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'I would like to live in Red Wing forever'

The group paid a visit to the Red Wing High School gallery of recent artwork by students. Kit Murray / RiverTown Multimedia1 / 4
Kazuhiro Hayami, chaperone, took photos of the art room's clay wheel.2 / 4
(From left to right) Back row: Kazuhiro Hayami, Asak Kajiwara, Riko Abe, Munenori Takata. Front row: Nanaka Tsuji, Koharu Kajiwara, Yuzu Ohashi, Shun Yamamoto 3 / 4
Students spent their morning Friday, Aug. 11, exploring the halls of the Red Wing High School. 4 / 4

Visiting from Ikata, Red Wing's Japanese sister city, six students and two chaperones have embarked on a journey around Red Wing. The experience has brought light to a new culture.

"He's surprised how kind everyone is and how they are helpful in so many ways," said Maggie Thorpe, translator and coordinator for international relations on behalf of chaperone Kazuhiro Hayami.

Since the arrival on Friday, Aug. 4, students have enjoyed a wide variety of activities, from watching the riverboats arrive on the Mississippi River to YMCA waterfront activities, from visiting local students who traveled to Ikata to hiking Barn Bluff.

When asked if they missed anything from home, they collectively shook their heads.

"I would like to live in Red Wing forever," said Hayami, a principal in Ikata.

"There really isn't anything they miss," Thorpe said, "They really love Red Wing, but of course, some of them would like to have rice."

The exchange program through Red Wing's Sister Cities Commission helps organize students from either country to live with a host family. Students have the opportunity to learn from the respective cultures through the week-long experience.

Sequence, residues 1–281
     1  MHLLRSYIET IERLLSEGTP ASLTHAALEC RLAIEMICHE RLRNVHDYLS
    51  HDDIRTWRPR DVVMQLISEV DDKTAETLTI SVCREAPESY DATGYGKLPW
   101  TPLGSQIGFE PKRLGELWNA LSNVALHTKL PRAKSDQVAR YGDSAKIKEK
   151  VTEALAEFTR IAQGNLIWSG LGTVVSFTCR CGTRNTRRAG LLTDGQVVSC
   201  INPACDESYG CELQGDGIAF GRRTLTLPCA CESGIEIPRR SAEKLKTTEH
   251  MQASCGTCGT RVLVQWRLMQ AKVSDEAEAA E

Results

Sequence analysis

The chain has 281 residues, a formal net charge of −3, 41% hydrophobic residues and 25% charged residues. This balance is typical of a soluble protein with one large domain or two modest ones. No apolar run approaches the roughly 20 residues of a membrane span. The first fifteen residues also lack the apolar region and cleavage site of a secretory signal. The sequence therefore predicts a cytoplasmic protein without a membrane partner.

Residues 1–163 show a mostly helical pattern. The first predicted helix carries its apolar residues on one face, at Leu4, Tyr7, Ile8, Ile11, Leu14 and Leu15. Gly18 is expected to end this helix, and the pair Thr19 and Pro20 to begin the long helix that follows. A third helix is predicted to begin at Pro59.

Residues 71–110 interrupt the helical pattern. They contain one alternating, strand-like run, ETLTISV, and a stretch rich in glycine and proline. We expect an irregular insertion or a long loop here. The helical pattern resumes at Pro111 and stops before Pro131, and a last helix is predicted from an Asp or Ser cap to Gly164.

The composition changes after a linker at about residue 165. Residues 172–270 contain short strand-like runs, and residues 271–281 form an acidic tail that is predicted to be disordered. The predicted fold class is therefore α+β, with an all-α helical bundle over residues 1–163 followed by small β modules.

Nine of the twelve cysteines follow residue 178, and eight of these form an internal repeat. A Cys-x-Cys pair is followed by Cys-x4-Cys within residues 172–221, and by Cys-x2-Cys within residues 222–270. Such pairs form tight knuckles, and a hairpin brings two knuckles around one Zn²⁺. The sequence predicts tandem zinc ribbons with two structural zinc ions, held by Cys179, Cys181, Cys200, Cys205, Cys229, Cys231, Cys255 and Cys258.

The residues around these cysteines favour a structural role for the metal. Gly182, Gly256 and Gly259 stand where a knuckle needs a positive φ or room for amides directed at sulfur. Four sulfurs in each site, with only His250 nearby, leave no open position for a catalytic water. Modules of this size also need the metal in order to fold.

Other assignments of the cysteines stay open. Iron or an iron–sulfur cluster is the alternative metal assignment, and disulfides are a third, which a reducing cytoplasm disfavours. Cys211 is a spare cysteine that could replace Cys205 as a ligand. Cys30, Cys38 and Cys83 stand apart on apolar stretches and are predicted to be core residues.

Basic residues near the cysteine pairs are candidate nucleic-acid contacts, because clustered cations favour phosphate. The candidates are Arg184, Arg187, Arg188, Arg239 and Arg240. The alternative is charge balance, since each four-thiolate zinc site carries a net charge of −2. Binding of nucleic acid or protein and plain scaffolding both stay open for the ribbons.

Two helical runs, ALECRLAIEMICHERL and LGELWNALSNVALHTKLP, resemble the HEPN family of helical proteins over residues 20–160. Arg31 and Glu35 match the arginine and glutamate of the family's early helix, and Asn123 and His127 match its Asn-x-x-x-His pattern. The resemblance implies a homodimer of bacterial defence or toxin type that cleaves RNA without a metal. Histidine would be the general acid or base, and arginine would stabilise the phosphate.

When it came to picking up on differences from Ikata, students noted the cleanliness of this city and how many U.S. flags are on display outside homes and buildings.

"They often ask if there's a special holiday going on," Thorpe said with a laugh.

"There's a lot of litter everywhere in the cities, but in Red Wing it's clean, even in the river it's clean," Thorpe said. "For him, (Hayami) he doesn't want you to see what the coast looks like in Ikata. There is definitely trash that gets washed up."

Even little things, such as not taking off shoes before entering a home. was a shock to the group.

"In Japan you always take off your shoes before going inside homes," Thorpe said. "Here, some homes you go in with shoes still on and some you do take off."

The group will wrap up the eight-day trip Sunday, Aug. 13. The last weekend was spent enjoying summer weather at YMCA Camp Pepin doing waterfront activities and cookouts in the evening with host families.

When asked if there's anything the group will miss, the visitors said the beautiful, hanging flower baskets, the abundance of sweets and enjoying the lakes and rivers throughout the state.

"She was surprised that the shaved ice has many different flavors," Thorpe said for Koharu Kajiwara. "Technically, in Japan, there are definitely flavors. But it's just in our town."

Kit Murray

Kit Murray joined Red Wing Republican Eagle in Aug. 2016, covering government, transportation and public safety. She is a graduate of Minnesota State University Moorhead with a degree in photojournalism and philosophy. 

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